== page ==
In terms of Tai Chi, I led Silk Reeling this week, so I’ll get my form reviewed next week. And there was a Sunday Tai Chi class, including the level 1 instructor’s test. I think I’m close to getting caught up on the Guan Dao, though there’s one bit I haven’t gotten right and some other bits I’m iffy on. Should be within reach to catch up on my own, at any rate; which is good, because the Nei Gong course conflicts with the October Sunday class.

The instructor’s test went fine; people had a lot of corrections to give me, but that’s expected, and I didn’t get nervous and mess up or anything. They had me go over the Diagonal Circles and Lie Splitting silk reeling exercise; when doing the Lie Splitting, I should be moving the lower hand slightly up so the two hands put pressure on a hypothetical opponent’s arm between them. In the first form, I should expand more, and let energy go to the tips of my fingers. (E.g. in punches, when flipping my hands, when stretching up in Golden Rooster. This actually probably dovetails well with my feeling that I should relax and let energy fill my arms more, though this recommendation is more active than that feeling.) In Reverse with Spiraling Forearm, my arms should circle back more instead of just going up. I should relax more betwene postures. In Backwards Trick, I should strike with my elbow.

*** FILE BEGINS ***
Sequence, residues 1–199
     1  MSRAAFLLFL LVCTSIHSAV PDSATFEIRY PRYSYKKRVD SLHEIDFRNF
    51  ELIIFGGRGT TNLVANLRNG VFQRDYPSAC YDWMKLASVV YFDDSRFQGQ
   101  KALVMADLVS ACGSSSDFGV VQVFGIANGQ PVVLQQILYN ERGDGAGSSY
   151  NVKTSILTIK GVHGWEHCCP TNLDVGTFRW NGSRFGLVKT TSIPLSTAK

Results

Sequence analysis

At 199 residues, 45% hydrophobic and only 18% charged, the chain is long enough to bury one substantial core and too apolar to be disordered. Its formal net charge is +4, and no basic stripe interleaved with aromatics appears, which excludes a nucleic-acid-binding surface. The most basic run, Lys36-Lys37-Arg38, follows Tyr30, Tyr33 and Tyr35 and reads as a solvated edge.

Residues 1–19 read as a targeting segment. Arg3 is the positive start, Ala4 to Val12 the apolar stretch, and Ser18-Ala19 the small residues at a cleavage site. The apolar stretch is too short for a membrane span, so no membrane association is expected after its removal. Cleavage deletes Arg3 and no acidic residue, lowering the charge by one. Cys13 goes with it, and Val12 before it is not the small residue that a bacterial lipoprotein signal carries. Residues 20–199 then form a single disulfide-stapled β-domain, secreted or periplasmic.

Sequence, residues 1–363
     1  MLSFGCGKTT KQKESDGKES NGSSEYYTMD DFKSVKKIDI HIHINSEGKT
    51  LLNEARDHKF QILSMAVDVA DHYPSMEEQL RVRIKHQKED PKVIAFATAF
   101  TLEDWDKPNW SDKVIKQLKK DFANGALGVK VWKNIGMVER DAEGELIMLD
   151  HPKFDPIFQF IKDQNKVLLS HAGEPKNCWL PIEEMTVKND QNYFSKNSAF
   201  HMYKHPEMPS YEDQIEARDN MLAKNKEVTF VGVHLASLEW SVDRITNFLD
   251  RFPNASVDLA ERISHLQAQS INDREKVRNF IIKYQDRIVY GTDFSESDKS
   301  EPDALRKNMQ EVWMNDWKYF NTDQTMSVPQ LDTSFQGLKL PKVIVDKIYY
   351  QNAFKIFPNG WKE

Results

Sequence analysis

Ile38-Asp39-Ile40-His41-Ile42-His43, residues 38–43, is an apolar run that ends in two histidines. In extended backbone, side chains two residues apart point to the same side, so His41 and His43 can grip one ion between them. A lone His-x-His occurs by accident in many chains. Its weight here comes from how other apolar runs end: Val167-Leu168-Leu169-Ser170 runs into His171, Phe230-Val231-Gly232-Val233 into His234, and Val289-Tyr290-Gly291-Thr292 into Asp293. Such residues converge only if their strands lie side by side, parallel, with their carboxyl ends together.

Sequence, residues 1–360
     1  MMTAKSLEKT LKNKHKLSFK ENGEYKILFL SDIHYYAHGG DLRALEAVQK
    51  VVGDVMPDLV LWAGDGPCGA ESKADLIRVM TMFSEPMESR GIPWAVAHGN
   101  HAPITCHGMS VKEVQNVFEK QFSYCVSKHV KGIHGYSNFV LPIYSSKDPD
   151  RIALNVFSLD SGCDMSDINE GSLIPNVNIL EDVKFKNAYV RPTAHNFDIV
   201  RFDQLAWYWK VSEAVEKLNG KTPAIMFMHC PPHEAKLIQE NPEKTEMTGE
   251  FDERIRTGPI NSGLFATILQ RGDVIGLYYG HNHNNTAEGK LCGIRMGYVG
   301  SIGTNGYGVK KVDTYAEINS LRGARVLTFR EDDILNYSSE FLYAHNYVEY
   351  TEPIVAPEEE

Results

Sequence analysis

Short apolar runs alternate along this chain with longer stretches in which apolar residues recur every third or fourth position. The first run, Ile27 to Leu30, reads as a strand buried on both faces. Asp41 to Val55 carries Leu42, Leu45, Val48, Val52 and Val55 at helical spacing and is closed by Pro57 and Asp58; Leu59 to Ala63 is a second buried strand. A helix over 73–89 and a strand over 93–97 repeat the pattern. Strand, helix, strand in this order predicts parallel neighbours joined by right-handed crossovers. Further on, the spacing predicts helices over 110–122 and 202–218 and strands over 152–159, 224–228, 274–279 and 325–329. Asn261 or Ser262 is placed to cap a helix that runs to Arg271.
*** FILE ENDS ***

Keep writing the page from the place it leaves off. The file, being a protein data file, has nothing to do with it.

My Jian form wasn’t very good, it sounds like I have a lot of work to do there conceptually. I should extend out into the sword, I should move more like a dragon (whereas, in the Dao, you move more like a tiger; dragons flow more than tigers), and I should take more time (I started off at a good speed but then I rushed it). We’ll see whether I make progress on that sort of fine point while we go through the form this time in class; if not, I should ask Tony to review my Jian form every so often. And probably my Dao and Spear forms too…